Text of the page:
Empowered by joining forces, there were new groups of fathers and divorcing parents who shared their experiences and desires to have an equal voice. The AFCC subjects of discussion involved the needs many of these groups expressed. Financial issues involving child support and concerns about joint parenting time were addressed in collaborative settings such as conferences and task forces where ideas for solutions were presented with the hope of future policy implementation.

Complex family issues took center stage in the 1990s as professionals recognized the challenges to high-conflict families. An example is the study of the impact of mediation on custody disputes involving allegations of domestic violence. As the culture of parents and families involved more people admitting domestic violence and the forms in which it appears, the focus on its prevalence was prioritized among AFCC members in state chapters nationwide.

The 2000s and counting are years of new challenges with the increase of technology and its impact on the lives of parents and family members. From tracking people in their movements and with whom they text or email, new problems in relationships are brought to light along with increased suspicions of others and trust issues. AFCC challenges in meeting the needs of a technology-savvy divorcing generation are met with technology. Through email, websites, social media and mobile devices, AFCC members and groups can stay in touch and share new information about the latest conflict sources and potential roadmaps to resolution.

In the future there is one thing AFCC members anticipate: There will be new events and occurrences in our lives and cultures involving conflict, and the AFCC will be there to ask questions and collaborate in roads to resolutions.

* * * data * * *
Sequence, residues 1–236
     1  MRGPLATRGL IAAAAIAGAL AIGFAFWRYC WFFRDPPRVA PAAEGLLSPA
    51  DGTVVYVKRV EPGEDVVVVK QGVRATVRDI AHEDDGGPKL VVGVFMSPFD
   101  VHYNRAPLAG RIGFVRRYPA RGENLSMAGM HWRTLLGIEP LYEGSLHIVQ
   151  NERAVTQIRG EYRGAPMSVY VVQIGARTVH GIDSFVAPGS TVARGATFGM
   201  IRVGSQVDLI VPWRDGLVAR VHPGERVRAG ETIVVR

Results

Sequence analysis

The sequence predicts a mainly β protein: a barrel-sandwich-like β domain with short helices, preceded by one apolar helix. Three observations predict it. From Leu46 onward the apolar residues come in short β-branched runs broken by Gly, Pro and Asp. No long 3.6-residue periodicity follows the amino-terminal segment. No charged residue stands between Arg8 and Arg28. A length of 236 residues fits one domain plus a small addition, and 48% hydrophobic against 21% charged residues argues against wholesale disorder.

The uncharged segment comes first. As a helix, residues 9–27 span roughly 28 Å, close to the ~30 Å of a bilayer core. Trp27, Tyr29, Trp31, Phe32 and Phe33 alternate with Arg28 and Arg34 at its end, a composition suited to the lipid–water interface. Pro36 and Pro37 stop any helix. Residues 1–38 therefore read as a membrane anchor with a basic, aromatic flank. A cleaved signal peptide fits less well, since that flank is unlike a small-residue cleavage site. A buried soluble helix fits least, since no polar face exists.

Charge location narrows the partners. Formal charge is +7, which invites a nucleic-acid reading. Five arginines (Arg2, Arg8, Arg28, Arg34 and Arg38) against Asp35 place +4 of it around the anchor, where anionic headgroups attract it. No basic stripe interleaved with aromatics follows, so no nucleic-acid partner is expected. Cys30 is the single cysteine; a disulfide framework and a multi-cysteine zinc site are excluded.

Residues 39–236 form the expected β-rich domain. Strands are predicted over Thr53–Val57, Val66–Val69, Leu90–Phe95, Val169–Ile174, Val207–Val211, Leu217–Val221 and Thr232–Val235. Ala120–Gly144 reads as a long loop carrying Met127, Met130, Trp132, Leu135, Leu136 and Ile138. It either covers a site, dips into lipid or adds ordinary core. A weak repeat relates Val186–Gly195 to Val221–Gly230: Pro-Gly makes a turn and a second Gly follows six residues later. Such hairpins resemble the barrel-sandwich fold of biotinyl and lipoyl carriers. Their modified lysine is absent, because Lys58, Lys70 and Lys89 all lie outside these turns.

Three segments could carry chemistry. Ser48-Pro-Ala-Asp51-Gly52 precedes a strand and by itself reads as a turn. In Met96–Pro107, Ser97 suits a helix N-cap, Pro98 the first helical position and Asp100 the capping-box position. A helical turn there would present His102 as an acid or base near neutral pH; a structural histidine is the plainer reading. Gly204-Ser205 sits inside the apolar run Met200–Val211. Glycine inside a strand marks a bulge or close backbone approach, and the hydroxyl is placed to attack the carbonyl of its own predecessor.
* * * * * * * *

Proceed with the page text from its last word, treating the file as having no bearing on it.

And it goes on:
About us: The Texas Chapter of AFCC is an interdisciplinary association of family law judges, attorneys, mediators, evaluators, court administrators, financial planners, and mental health professionals, working in collaboration to further ideas and issues to help resolve family conflict and protect the interests of families and children.

When needing to change the aspects and effects of the adversarial family litigation system by challenging convention and providing opportunities for interdisciplinary communications and training, Texan professionals who work in family law turn to the Texas Chapter of the Association of Family and Conciliatory Courts for the information and resources necessary to change the lives of their clients and colleagues for better. Men, women and children who embrace alternative dispute resolution and want to take their divorce and family law matters in a different direction are encouraged to seek out Texas Chapter AFCC professionals to learn more.

To make contact with a Texas Chapter AFCC professional, please contact communications coordinator, Nick Augustine at (940) 498-2863 or by using the Contact Us page on the Texas Chapter AFCC website. Do not forget to keep up with news and events by engaging with the Texas Chapter social media websites such as Facebook and Twitter.